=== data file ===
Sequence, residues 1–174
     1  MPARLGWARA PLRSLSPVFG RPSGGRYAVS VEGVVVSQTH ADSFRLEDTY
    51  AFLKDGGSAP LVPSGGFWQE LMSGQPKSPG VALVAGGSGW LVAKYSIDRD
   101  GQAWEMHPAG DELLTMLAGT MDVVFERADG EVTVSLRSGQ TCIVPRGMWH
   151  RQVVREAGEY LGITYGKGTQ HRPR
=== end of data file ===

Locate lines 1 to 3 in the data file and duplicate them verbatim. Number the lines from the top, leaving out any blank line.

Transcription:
Sequence, residues 1–174
     1  MPARLGWARA PLRSLSPVFG RPSGGRYAVS VEGVVVSQTH ADSFRLEDTY
    51  AFLKDGGSAP LVPSGGFWQE LMSGQPKSPG VALVAGGSGW LVAKYSIDRD